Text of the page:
Never mind the calendar, spring officially came to Polson last week with the seasonal opening of Richwine’s Burgerville.
The iconic drive-in celebrated its 55th year of operation on Friday, serving up its renowned burgers, milkshakes and more to throngs of deprived customers.
“We always do very well,” said owner and manager Marcia Moen. “There’s a lot of hoopla for the first couple weeks.”
For Moen, opening the restaurant for yet another summer not only fulfills a community’s craving, but carries on a family legacy essentially dating back to her beginnings.
The daughter of Burgerville founders Enoch and Lucy Richwine, Moen said her parents opened the restaurant in 1962 to pay for the medical bills from her premature birth.
“My dad came home and said to my mom, ‘Lucy, you’re going to need to get a job,’” Moen said.
The restaurant quickly charmed locals and visitors from across the country with an attention to detail that continues today.
Sitting in her office the day before the big opening, Moen was searching to find a replacement Burgerville’s signature red relish after their usual supplier changed its recipe.
“After 55 years, if we put green relish on the burgers the customers would freak out,” she said. (A similar situation happened in 2012 with their French fries, Moen said, and customers continue to gripe about the substitute.)
Maintaining these cherished practices has become the goal for Moen, who recently found herself as one of the last torchbearers of the family legacy.
Moen returned to help at the restaurant about eight years ago when her brother Shane was diagnosed with cancer. Following Shane’s death in 2009, Moen made the decision to formally take over the family business, trading tax season for burger season after a two-decade career at H&R Block. Moen continued to work alongside her mother Lucy, until she too died in 2015.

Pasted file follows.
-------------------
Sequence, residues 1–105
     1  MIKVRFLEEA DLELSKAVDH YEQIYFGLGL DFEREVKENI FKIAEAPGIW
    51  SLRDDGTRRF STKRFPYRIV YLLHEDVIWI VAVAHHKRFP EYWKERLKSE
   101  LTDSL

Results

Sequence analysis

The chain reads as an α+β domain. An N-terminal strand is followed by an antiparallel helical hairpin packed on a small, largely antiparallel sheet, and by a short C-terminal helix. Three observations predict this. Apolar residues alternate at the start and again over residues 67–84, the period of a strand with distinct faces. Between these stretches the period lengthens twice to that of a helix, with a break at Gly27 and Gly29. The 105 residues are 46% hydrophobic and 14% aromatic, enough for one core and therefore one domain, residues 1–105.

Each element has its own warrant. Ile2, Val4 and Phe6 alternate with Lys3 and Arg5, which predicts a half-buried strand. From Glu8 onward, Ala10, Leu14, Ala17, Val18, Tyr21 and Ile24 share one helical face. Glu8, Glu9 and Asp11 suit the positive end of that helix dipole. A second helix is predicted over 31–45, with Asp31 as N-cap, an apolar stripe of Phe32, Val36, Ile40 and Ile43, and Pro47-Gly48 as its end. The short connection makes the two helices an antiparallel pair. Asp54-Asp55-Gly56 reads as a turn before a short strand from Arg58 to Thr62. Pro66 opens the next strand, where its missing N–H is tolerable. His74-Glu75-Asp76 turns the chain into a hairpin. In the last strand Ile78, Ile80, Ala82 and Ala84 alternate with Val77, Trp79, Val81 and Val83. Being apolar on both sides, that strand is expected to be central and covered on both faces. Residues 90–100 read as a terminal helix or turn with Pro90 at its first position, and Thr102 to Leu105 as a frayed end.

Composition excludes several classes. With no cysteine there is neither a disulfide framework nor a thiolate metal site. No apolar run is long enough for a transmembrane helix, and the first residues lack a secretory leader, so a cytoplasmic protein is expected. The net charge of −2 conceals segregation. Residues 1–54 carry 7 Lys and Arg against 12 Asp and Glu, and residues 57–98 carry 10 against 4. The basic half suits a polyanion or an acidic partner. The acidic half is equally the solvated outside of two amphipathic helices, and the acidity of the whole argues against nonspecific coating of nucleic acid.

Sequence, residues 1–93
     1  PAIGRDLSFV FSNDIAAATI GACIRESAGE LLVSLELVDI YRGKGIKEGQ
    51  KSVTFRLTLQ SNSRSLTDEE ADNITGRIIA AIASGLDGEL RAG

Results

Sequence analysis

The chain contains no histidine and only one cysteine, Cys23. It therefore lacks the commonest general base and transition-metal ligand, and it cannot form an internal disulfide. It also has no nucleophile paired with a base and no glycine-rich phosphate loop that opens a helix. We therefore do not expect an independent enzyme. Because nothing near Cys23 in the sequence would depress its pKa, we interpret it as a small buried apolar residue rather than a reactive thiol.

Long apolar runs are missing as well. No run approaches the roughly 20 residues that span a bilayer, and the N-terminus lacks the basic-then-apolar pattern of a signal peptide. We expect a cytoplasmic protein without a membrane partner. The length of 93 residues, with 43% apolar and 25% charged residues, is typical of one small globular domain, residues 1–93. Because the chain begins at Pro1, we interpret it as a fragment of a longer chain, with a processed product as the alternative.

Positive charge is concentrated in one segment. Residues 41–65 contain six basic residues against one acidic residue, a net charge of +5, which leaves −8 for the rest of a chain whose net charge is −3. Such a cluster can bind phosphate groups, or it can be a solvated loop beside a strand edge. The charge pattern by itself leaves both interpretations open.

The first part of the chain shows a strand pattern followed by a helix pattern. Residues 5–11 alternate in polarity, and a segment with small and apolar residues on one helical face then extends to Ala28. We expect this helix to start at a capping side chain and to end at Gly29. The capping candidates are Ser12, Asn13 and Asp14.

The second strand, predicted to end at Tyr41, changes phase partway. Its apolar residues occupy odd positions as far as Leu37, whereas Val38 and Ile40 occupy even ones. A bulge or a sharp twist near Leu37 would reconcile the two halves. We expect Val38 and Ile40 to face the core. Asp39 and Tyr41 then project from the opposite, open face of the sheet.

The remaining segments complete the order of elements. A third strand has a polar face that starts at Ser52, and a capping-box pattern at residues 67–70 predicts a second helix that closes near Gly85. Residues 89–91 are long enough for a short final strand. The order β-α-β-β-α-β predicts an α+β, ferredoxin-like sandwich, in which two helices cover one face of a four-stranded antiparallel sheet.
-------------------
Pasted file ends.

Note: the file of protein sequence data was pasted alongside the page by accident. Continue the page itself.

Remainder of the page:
“Last year was really tough for me,” Moen said, adding that it’s difficult to walk in the doors every day, knowing her brother and mom would not follow her in.
“It’s hard knowing that the only reason I am here is because they aren’t,” she said. “I still have my moments.”
One of these came as longtime friend Caroline Bailey was helping chop vegetables for the famous “Do-Hinkey” garnishes.
“I remembered thinking, ‘Lucy would be here telling me not to cut so much off the radishes,’” Bailey said.
Such reflections nearly bring Moen to tears, but she said they also provide motivation. After 55 years of serving burgers, Moen said it’s the community support that keeps the business going.
“They’re not just customers, they’re family,” she said. “I appreciate them so much.”
Based on last week’s turnout, the feeling is mutual. On the afternoon before opening, Moen was already fielding phone calls from eager customers.
“That’s what I love to hear,” Moen said after talking with a particularly restless patron. “He told me, ‘Heck yeah, I’ll see you in the morning.’”